Inside, the Stinger 330S differences are more numerous, but that doesn’t necessarily mean you are missing out when it comes to features.

An 8-way power adjustable, sports artificial leather seat comes as standard in the 330S, as opposed to Nappa Leather with memory function in the GT. There’s no flat-bottom heated steering wheel either.

The range topper also grabs a larger 7.0-inch colour instrument cluster, compared to the 4.2-inch screen offered here in the 330S.

A colour head-up display, some fancier trim and sill pieces and adjustable mood lighting are the other omissions.

Infotainment is almost on par, with the 330S settling for a 6-speaker sound system, instead of the 15-speaker, Harmon/Kardon premium sound system in the GT. That’s probably the biggest let down.

Thankfully, the rest of the infotainment system is well and truly covered thanks to a 10.25-inch colour LCD touch screen powering DAB digital radio.Satellite navigation with 10 years traffic information and updates is also included.

Crucially, Android Auto and Apple CarPlay is standard. Safety is an interesting aspect of our less is more theory too, and the one that really sparked the idea in the first place.

Kia have done an exceptional job of dividing the essential features and the nice to haves between the 330S and the GT. The latter gets front parking sensors, a 360-degree view camera, and blind spot view monitor.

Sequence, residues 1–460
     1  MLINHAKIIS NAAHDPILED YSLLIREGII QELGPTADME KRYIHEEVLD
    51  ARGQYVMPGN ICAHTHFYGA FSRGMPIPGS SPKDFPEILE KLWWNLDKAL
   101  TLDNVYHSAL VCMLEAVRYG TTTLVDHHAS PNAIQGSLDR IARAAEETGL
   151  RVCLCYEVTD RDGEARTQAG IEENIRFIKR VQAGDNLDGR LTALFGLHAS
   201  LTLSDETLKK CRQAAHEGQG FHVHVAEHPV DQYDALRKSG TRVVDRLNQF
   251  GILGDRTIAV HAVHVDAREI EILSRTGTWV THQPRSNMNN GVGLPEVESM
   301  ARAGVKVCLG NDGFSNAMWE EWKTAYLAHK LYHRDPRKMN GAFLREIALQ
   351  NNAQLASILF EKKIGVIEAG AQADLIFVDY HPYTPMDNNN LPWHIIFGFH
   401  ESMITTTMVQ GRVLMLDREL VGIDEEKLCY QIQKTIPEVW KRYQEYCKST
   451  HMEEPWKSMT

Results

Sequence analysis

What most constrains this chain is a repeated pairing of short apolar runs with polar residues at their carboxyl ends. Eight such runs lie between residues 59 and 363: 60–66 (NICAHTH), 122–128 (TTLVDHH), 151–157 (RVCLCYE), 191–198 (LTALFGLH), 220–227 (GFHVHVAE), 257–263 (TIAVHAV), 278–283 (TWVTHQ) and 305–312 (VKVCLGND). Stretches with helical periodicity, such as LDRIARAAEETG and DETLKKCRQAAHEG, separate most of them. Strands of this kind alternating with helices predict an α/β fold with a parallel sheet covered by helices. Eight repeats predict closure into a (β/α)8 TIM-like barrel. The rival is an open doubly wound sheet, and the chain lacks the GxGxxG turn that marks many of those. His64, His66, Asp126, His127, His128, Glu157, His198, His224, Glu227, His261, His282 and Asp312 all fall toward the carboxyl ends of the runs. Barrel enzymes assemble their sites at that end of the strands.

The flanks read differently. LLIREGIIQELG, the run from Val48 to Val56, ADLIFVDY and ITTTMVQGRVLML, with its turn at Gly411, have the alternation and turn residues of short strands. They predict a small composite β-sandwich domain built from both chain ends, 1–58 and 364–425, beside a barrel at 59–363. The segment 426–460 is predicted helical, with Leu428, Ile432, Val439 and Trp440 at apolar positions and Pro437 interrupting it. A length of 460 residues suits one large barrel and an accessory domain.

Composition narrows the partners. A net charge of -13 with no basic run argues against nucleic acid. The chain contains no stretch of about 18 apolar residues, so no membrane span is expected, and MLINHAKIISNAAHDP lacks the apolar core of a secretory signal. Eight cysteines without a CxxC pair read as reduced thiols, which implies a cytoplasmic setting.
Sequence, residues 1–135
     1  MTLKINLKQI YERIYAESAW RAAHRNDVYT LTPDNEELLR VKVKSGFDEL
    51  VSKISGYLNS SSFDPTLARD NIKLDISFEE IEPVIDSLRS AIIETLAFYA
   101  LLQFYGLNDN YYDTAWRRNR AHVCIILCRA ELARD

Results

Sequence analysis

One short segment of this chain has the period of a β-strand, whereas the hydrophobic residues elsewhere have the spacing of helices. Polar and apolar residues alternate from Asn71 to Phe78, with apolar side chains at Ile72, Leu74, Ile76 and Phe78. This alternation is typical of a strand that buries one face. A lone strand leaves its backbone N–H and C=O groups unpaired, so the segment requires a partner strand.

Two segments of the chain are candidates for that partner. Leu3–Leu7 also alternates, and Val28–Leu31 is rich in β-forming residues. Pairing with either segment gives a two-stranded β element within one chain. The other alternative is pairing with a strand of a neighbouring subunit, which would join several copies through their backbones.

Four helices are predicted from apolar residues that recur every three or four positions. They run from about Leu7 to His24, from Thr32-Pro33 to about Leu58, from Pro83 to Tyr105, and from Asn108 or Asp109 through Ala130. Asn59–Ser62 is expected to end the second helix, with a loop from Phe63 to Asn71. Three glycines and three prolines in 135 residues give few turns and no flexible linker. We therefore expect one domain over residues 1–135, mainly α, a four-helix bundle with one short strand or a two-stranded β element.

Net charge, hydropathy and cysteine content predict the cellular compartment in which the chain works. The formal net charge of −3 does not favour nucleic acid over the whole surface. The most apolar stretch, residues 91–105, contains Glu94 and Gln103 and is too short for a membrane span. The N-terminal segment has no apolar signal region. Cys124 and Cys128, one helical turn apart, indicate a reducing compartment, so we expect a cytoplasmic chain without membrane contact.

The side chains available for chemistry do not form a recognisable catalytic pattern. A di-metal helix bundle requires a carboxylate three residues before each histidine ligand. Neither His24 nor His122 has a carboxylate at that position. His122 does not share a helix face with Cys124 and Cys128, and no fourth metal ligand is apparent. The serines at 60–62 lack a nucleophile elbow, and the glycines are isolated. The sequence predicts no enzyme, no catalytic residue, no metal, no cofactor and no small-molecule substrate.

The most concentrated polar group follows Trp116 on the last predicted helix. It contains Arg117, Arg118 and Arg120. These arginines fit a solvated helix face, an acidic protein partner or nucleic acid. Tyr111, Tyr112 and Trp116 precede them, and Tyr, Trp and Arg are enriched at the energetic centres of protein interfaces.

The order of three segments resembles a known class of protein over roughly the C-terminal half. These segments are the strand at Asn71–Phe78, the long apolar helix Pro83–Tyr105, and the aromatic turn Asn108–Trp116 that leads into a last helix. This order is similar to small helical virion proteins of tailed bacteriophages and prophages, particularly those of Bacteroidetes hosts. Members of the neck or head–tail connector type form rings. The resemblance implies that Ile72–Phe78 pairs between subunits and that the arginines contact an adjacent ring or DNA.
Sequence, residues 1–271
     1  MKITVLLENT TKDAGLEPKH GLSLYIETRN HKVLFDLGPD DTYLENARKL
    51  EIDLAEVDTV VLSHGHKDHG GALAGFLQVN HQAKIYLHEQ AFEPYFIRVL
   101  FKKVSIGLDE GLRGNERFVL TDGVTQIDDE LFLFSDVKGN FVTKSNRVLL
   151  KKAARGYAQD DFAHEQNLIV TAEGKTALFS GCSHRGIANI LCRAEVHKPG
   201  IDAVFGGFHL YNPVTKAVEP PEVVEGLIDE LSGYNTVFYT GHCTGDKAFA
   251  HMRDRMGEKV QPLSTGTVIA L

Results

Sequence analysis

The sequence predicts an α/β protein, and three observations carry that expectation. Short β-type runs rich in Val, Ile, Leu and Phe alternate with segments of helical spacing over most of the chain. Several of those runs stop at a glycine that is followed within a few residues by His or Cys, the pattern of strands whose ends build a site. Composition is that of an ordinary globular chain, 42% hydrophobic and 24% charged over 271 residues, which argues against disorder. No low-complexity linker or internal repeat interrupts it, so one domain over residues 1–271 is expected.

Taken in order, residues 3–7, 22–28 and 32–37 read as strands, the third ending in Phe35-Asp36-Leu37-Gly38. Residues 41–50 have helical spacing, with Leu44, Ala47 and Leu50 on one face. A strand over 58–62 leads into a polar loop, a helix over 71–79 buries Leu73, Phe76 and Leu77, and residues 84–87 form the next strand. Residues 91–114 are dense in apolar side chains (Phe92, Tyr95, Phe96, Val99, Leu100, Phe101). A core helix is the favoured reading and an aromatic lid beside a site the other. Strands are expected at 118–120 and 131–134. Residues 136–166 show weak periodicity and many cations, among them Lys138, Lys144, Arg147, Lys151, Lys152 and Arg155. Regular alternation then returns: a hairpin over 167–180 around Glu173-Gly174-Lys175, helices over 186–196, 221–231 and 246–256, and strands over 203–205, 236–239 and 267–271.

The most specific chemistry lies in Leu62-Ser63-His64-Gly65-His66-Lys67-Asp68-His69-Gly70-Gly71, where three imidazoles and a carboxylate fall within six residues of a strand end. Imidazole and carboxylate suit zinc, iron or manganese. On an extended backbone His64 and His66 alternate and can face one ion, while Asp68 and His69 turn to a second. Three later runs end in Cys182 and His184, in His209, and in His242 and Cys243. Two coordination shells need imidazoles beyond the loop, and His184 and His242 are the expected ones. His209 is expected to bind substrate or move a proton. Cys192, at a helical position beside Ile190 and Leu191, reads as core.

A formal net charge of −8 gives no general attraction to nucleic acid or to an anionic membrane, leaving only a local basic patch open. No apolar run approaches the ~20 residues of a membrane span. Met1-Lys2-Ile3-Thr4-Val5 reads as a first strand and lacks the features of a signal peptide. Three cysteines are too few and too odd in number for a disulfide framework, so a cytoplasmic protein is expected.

It also grabs safe exit warning among a few other things. Not really deal breakers when you think hard about it. It would be nice to see rear cross traffic collision avoidance assist on the 330S, instead of just the GT as well.

Now back to that question we posed at the beginning of this article; do you really need all the fancy extras and shiny things? The 2021 KIA Stinger 330S answers with  a resounding no.

It’s proof you can have an excellent car that does all the essential things you could ever need. Not that the Stinger GT doesn’t have its place, as there are people who will settle for nothing less than the best, and that’s okay too.

The 2021 Kia Stinger 330S is priced from $53,990 (drive away), compared to almost $69,000 for the GT. That’s a significant saving you could spend on a holiday with the family, all while knowing you have a 7-year unlimited kilometre warranty.

Our test vehicle was supplied by Kia Australia. To find out more about the 2021 Kia Stinger 330S, contact your local Kia dealer.

Advertisement
REVIEW OVERVIEW
Driving experience
8.5
Exterior styling
8.5
Interior look and feel
8.5
Technology and connectivity
9
Family friendliness
8.5
Value for money
8.5
Josh Muggleton has a love of cars that began at a young age and has been a part of his life ever since. So much so that his passion for all things automotive turned into a life as a racing car driver and driving instructor.

1 COMMENT

  1. Josh. I own a 2019 330S. My previous ride was an FG XR6T.

    The 330S does everything I need it to. But if the next Stinger had the 3.8L engine with more torque I’d look at it.

    BTW. What will you guys call your web site when the world goes electric? 😉

    Ben Tate

LEAVE A REPLY

Please enter your comment!
Please enter your name here